Global habitat deterioration of marine ecosystems has led to a need for active interventions to halt or reverse the loss of ecological function. Restoration has historically been a key tool to reverse habitat loss and restore functions, but the extent to which this will be sufficient under future climates is uncertain. Emerging genetic technologies now provide the ability for restoration to proactively match adaptability of target species to predicted future environmental conditions, which opens up the possibility of boosting resistance to future stress in degraded and threatened habitats. As such, the choice of whether to restore to historical baselines or anticipate the future remains a key decision that will influence restoration success in the face of environmental and climate change. Here, we present an overview of the different motives for restoration – to recover or revive lost or degraded habitats to extant or historical states, or to reinforce or redefine for future conditions. We focus on the genetic and adaptive choices that underpin each option and subsequent consequences for restoration success. These options span a range of possible trajectories, technological advances and societal acceptability, and represent a framework for progressing restoration of marine habitat forming species into the future.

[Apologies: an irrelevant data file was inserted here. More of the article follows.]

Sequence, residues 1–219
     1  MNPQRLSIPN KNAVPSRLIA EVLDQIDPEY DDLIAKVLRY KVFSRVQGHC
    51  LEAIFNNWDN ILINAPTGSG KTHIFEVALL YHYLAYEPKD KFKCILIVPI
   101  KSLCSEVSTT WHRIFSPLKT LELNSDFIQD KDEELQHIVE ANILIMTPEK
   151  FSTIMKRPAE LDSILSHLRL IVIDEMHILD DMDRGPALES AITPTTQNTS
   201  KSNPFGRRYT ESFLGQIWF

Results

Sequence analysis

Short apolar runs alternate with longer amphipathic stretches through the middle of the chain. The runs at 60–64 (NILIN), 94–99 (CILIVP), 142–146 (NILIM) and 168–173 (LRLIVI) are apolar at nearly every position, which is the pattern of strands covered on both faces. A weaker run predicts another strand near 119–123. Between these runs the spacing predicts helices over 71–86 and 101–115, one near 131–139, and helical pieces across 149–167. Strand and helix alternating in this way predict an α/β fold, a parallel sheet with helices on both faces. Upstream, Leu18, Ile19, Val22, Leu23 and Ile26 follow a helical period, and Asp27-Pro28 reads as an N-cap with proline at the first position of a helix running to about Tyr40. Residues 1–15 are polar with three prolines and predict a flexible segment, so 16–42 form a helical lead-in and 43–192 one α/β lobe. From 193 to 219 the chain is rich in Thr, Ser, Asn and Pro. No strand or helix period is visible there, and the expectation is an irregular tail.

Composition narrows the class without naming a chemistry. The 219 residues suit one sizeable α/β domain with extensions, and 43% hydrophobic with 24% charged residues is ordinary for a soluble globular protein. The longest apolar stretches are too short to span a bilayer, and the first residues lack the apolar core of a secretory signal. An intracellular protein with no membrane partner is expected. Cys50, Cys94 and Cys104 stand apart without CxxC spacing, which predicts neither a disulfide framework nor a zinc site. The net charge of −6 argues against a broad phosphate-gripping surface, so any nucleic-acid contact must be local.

As a hotspot of species diversity and fishing pressure, Indonesia is a global priority for the conservation of sharks, rays and their cartilaginous relatives (herein “sharks”). The high value marine tourism industry in Indonesia can create economic incentives for protecting and sustainably managing marine ecosystems and species, including sharks. This study estimates the economic value of shark and ray tourism in Indonesia and explores tourist preferences and local community perceptions of the tourism industry to understand the current and potential future role of this industry in shark and ray conservation. We identified 24 shark tourism hotspots across 14 provinces, with primary data collected from 365 tourists and 84 local community members over six case study sites. We use Purchasing Power Parity (PPP) and travel efforts to extrapolate expenditures to other tourism sites. We estimate that at least 188,931 dedicated or partially dedicated shark tourists visit Indonesia each year. The median annual expenditures of these shark tourists is estimated at USD 22 million (for 2017), accounting for at least 7% of the total USD 1 billion marine tourism revenue in Indonesia in 2017 and 1.45× the value of annual shark exports in the country (inflation-adjusted to 2017 values). If sharks were absent from the surveyed sites, Indonesia’s tourism industry could lose ∼25% of these dive tourist expenditures. Despite this considerable value, our study indicates a mismatch between the absolute economic value of shark and ray tourism and its role in providing an incentive for conservation. Results from interviews with local communities in or near shark and ray tourism sites indicate that shark fishers are not well placed to receive direct economic benefits from shark and ray tourism. Since overfishing is the primary threat to shark populations, failure to engage with and appropriately incentivize these stakeholders will be detrimental to the success of Indonesia’s shark conservation efforts. If shark populations continue to decline due to insufficient conservation actions, the tourism industry could suffer economic losses from shark and ray tourism of more than USD 121 million per annum by 2027, as well as detrimental impacts on species, marine ecosystems, fisheries and people.